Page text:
Black Swamp Festival Returns with Great Music and Food

Located in downtown Bowling Green, Black Swamp Art Festival has been a household name and a tradition in Ohio over the past 22 years, said Deb Wiser, a volunteer who is attending the festival for the 23rd time.

On the first night of the 3-day music and arts fair when the fine arts booths on Main Street had not been set up, the town was already alive with band music, participants and vendors. As I stepped into the venue, the first thing that came to my attention was the smell of barbecue and clouds of smoke above the food stalls.

Food vendors were arrayed outside the main concert stage. The food court provided a range of cuisine choices like Thai, Greek and American, as well as various desserts like ice cream and cakes. One of the most popular stalls was a Thai booth, Thai Thai, which had nearly 30 customers in line at its peak.

The owner of Thai Thai is planning to open a Thai restaurant soon in Bowling Green.

In front of Thai Thai’s booth was a griller full of “Chicken on a Stick”. The cook kept spreading sauces over the skewered chicken gently without forgetting to flip the golden-brown color meat to the other side from time to time. Another chef was busying frying rice noodles. Wearing an oil-stained apron, he worked up a sweat as he tried to take orders from customers while taking care of the rice noodles. Yet he still smiled at me and every other patron.

“We are huge fans of Asian food and have experienced the best Thai food in Ohio earlier as well. This is just as good as that,” A couple from Canton, Ohio said. “I hope this stall is coming back next year.”

I had a “Mushrooms and Steak” from an American food stall called Sirloin Tip Dinner. It came as a surprise that the steak bites were unexpectedly well-seasoned and juicy, given the fact that the cubed steak that went to my plate had been on the grill before I even started standing in the line with more than 15 people. The mushrooms were perfect toppers for the steak. They were tender and full of flavor. This was just the kind of mushrooms to die for. I could not help it but ate the whole thing myself.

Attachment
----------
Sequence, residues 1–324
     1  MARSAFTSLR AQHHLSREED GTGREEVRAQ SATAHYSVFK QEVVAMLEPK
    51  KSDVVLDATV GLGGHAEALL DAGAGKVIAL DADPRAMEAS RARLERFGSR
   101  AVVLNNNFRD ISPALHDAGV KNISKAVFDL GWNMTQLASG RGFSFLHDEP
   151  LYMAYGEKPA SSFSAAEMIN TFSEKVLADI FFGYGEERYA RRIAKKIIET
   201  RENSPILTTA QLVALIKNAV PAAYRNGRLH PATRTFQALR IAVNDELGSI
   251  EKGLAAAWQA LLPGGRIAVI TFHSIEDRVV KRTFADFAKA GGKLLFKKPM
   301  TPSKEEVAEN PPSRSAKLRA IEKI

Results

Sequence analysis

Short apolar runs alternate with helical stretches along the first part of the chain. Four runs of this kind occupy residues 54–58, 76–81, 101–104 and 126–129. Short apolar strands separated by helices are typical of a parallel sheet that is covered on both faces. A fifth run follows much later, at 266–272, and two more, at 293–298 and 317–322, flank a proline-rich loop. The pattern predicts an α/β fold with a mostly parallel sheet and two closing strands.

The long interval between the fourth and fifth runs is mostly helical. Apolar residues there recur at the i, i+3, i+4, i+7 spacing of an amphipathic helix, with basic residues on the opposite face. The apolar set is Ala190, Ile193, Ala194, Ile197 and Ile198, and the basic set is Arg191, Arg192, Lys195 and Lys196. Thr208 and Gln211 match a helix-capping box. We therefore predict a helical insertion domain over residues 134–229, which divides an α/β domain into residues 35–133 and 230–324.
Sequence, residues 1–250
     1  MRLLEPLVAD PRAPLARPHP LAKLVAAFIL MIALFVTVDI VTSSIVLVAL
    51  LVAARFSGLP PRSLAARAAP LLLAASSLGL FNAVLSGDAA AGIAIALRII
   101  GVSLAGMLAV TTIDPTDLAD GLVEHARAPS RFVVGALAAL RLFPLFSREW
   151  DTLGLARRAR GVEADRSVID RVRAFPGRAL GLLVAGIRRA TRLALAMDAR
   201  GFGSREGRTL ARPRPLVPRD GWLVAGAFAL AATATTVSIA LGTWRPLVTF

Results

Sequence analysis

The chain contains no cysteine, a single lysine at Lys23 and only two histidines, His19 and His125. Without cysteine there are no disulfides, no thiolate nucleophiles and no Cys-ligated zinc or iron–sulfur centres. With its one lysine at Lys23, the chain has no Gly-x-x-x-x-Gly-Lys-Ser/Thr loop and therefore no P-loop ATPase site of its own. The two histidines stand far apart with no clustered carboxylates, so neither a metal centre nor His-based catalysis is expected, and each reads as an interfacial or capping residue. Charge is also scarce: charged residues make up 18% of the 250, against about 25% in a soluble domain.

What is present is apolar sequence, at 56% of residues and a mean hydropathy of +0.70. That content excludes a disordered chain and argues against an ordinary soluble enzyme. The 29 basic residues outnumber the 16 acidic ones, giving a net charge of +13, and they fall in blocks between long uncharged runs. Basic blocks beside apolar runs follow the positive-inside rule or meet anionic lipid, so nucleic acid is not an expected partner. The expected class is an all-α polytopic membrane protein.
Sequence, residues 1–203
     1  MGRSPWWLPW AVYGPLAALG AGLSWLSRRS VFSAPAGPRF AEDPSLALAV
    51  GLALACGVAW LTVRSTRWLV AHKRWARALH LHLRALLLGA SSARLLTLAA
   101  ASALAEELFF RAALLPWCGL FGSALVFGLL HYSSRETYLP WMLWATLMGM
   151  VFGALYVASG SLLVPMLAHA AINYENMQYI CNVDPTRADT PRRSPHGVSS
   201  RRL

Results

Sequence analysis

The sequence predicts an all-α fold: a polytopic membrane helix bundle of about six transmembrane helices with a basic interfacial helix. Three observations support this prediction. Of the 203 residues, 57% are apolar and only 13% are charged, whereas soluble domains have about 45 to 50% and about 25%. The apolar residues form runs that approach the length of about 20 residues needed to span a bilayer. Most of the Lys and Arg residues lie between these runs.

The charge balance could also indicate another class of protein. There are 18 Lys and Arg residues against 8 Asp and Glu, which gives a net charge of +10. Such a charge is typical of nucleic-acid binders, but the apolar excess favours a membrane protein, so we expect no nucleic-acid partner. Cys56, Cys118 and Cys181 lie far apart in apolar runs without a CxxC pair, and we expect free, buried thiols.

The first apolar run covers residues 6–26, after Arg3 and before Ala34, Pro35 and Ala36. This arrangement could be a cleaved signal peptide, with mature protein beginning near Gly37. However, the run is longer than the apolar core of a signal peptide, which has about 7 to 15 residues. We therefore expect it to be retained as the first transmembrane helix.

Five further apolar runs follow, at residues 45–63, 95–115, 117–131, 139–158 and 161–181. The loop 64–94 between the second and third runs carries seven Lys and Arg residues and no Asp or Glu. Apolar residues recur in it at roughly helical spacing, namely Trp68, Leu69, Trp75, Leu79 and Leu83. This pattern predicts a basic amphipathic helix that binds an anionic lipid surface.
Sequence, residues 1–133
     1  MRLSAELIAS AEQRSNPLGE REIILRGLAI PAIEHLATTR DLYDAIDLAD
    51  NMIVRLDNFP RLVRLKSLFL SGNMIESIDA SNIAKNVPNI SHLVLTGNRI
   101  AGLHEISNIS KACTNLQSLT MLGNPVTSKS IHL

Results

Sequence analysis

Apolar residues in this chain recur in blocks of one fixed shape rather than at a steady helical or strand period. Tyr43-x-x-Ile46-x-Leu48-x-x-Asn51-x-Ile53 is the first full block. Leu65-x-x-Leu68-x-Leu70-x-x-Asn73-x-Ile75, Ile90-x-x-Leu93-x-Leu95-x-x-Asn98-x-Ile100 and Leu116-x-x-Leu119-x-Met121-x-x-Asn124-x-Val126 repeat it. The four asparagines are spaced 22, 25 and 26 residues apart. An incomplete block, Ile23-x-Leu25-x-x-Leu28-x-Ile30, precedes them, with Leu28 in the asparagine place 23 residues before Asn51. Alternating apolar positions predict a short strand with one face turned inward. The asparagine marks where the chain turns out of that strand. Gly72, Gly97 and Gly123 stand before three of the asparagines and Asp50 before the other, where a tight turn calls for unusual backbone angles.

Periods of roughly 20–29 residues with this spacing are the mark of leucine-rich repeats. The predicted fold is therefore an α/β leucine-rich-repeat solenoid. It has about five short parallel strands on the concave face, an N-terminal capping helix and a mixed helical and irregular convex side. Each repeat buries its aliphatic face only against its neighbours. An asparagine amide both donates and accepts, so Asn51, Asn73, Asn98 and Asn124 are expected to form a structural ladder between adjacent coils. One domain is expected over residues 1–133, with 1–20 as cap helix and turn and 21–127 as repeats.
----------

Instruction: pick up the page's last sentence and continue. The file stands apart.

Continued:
There were so much more at the festival. If the food does not capture your interest, you would certainly have a great time enjoying the music performances.

A fence across the food court was an outdoor concert stage where one of the festival’s headliners The Delta Saints, a blues rock band from Nashville, Tennessee, was giving their performance. I did not know any songs of The Delta Saints so I was not being extremely focused on the performance itself. But the atmosphere in the whole concert area was awesome and intoxicating.

More than 50 people who stood in front of the main stage danced along the beat of the bass-heavy music. Standing a little farther from the stage, some college students who were in their fraternity T-shirts wrapped their arms around each other and swayed to the music. As the main vocalist asked if people were “ready to party harder”, almost everybody shouted back loudly toward the stage. “Yes!”

[This year’s festival features multiple local music artists and bands. Headliner The Delta Saints was performing on stage. ]

The rest of the seats in front of the concert stage were filled with middle-aged audiences. Some audiences had beer bottles in their hands. Some were sitting with their families and dogs. At first I found it rare to see such a big proportion of middle-aged population in a rock concert. But even though the band on stage was quite young, audience members of advanced years still found pleasure in it.

“At Black Swamp Festival sometimes you can get very close to the musicians. If you are sitting right here they would be just two feet away from you.” Katy, a 68-year-old audience member from New York said. “You don’t always get that at other music festivals and that’s what I love about it here.”


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